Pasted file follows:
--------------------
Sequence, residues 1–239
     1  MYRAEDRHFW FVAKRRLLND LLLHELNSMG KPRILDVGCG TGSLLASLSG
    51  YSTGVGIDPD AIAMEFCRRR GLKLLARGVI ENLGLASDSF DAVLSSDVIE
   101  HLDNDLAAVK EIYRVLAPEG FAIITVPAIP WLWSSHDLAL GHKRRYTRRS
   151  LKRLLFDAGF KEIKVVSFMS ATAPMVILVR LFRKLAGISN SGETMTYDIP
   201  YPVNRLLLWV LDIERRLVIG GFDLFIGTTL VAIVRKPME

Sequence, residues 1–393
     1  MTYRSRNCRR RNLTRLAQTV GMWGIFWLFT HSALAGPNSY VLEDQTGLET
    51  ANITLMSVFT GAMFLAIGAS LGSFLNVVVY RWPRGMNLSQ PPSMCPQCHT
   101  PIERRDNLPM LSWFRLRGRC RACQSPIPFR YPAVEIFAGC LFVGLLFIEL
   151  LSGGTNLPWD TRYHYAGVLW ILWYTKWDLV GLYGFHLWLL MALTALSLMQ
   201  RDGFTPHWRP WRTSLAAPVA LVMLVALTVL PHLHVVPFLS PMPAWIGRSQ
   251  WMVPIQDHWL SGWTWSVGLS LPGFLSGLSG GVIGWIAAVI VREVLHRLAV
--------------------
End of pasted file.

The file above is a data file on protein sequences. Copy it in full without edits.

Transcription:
Sequence, residues 1–239
     1  MYRAEDRHFW FVAKRRLLND LLLHELNSMG KPRILDVGCG TGSLLASLSG
    51  YSTGVGIDPD AIAMEFCRRR GLKLLARGVI ENLGLASDSF DAVLSSDVIE
   101  HLDNDLAAVK EIYRVLAPEG FAIITVPAIP WLWSSHDLAL GHKRRYTRRS
   151  LKRLLFDAGF KEIKVVSFMS ATAPMVILVR LFRKLAGISN SGETMTYDIP
   201  YPVNRLLLWV LDIERRLVIG GFDLFIGTTL VAIVRKPME

Sequence, residues 1–393
     1  MTYRSRNCRR RNLTRLAQTV GMWGIFWLFT HSALAGPNSY VLEDQTGLET
    51  ANITLMSVFT GAMFLAIGAS LGSFLNVVVY RWPRGMNLSQ PPSMCPQCHT
   101  PIERRDNLPM LSWFRLRGRC RACQSPIPFR YPAVEIFAGC LFVGLLFIEL
   151  LSGGTNLPWD TRYHYAGVLW ILWYTKWDLV GLYGFHLWLL MALTALSLMQ
   201  RDGFTPHWRP WRTSLAAPVA LVMLVALTVL PHLHVVPFLS PMPAWIGRSQ
   251  WMVPIQDHWL SGWTWSVGLS LPGFLSGLSG GVIGWIAAVI VREVLHRLAV